Intellectually gifted but emotionally unfulfilled, Quentin Coldwater is as much at sea as any high school senior. He still takes refuge in the fantasy novel series he read as a kid, waiting for happiness to fall in his lap. Surprisingly, it does indeed seem to when an elite and secret college of magic recruits him. Mark Brahmall wonderfully inflects the gaggle of fallible little geniuses Quentin grows up with there: Elliott the flaming drunkard, Janet the flashy attention hog, Alice the wallflower, Josh the bumbling frat boy, and Penny the punk rocker. This is not the nice and polite world of Hogwarts. These 17-year-olds spend five years drinking, screwing, cursing, and occasionally buckling down to work with spells that sound more like chemistry labs than fantastic miracles.
Magic is hard, and growing up proves even harder. Brahmall ages this group of would-be adventurers, gradually inserting the pessimistic uncertainty that creeps in as their graduation approaches, and then the slovenly vulgarity that accompanies their post-grad malaise in New York. But their voices find fresh purpose and energy when Penny discovers that Fillory, the magical land of those books from their youth, is real. Fraught with the tensions sprouting between them, each member of Quentin's posse has reasons to escape into Fillory. Brahmall gives voice to everything from a birch tree to an ancient ram, as the group's quest for a brighter future turns ever more ugly and alarming. Quentin's once idyllic dream now corrupted, he struggles to regain a sense of self and return to the more banal hostilities of the real world.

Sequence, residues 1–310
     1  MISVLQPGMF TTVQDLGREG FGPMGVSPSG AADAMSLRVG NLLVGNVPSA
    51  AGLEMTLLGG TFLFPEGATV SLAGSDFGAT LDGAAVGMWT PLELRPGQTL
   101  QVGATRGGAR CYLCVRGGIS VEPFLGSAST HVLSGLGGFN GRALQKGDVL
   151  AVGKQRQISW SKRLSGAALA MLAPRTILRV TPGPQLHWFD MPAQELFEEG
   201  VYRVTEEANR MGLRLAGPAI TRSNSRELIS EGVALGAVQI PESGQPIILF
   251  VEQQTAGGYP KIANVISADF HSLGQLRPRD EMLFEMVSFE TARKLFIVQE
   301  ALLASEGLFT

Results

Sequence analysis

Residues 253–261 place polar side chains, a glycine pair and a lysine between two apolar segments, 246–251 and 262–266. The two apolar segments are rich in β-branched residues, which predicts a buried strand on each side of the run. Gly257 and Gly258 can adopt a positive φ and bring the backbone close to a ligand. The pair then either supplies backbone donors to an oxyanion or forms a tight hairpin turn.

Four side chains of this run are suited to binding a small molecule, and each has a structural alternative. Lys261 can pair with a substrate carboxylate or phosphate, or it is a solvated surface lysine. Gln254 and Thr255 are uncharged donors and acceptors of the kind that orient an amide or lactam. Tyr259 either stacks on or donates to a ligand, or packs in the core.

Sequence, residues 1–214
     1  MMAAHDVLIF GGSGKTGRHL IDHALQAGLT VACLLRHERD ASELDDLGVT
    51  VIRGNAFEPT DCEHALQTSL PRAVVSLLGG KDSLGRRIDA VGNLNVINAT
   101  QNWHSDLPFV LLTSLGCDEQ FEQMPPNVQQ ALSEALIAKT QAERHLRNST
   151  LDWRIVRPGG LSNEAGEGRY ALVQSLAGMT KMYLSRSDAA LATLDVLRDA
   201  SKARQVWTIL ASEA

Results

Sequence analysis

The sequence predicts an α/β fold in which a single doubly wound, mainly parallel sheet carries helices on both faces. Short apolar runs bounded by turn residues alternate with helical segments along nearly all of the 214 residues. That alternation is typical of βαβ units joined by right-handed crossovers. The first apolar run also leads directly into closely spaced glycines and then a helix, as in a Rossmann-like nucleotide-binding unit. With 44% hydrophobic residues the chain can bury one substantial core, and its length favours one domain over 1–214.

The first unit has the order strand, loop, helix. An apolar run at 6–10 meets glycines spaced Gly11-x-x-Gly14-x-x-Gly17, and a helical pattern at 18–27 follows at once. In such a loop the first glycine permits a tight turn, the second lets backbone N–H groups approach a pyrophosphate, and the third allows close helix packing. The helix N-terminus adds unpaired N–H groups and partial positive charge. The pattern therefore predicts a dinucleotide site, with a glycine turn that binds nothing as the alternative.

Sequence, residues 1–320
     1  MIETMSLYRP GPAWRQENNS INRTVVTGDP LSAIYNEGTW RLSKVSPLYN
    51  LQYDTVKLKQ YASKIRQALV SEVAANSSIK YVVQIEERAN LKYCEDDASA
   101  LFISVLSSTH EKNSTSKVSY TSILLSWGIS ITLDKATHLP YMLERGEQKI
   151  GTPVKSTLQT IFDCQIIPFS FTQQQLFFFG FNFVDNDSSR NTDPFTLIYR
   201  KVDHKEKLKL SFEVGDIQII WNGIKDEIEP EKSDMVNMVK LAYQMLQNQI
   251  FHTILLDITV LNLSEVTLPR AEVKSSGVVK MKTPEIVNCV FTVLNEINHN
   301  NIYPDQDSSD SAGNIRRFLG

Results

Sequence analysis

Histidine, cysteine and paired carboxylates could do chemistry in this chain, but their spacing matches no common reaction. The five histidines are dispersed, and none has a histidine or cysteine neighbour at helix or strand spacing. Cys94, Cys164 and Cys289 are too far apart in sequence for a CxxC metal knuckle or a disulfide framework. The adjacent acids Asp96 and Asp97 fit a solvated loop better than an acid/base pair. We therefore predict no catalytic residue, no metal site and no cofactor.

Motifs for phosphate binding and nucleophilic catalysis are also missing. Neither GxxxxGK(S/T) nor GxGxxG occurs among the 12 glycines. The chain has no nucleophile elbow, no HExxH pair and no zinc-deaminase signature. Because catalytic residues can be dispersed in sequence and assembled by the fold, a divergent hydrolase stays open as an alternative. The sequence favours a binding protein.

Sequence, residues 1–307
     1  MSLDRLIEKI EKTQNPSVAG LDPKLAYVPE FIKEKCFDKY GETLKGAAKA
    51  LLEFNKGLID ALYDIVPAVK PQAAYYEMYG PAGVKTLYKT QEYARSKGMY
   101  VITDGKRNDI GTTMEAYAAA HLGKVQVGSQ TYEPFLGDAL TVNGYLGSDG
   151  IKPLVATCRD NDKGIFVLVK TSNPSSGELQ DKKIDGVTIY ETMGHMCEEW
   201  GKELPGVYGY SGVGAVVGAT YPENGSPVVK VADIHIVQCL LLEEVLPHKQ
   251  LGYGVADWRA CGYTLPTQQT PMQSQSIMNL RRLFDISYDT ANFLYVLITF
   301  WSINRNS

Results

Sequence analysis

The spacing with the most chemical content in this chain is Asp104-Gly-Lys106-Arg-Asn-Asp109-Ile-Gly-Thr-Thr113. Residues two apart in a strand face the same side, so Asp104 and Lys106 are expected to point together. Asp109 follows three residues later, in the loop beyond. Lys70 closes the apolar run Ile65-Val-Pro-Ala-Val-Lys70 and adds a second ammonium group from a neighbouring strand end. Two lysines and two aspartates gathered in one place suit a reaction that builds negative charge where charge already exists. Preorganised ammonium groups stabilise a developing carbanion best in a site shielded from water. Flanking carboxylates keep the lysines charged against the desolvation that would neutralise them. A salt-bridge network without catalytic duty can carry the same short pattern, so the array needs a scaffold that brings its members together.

This is a story narrated with all the wonderment and gravitas inherent in the great tradition of magical coming-of-age tales, to be sure, but it rests firmly on the rocky foundations of a realistic human volatility and longing that may want to keep the characters snatching defeat from the jaws of victory to their bitter end. This world is nothing like Narnia or Middle Earth, and listeners with knowledge of those places will find plenty of insider references here to keep them laughing through the disasters. Grossman has captured a shamefully universal set of psychological quandaries, and Brahmall has expressed them in tones that are terrifyingly recognizable. Megan Volpert
Quentin Coldwater is brilliant but miserable. A senior in high school, he's still secretly preoccupied with a series of fantasy novels he read as a child, set in a magical land called Fillory. Imagine his surprise when he finds himself unexpectedly admitted to a very secret, very exclusive college of magic in upstate New York, where he receives a thorough and rigorous education in the craft of modern sorcery.
He also discovers all the other things people learn in college: friendship, love, sex, booze, and boredom. Something is missing, though. Magic doesn't bring Quentin the happiness and adventure he dreamed it would. After graduation, he and his friends make a stunning discovery: Fillory is real. But the land of Quentin's fantasies turns out to be much darker and more dangerous than he could have imagined. His childhood dream becomes a nightmare with a shocking truth at its heart.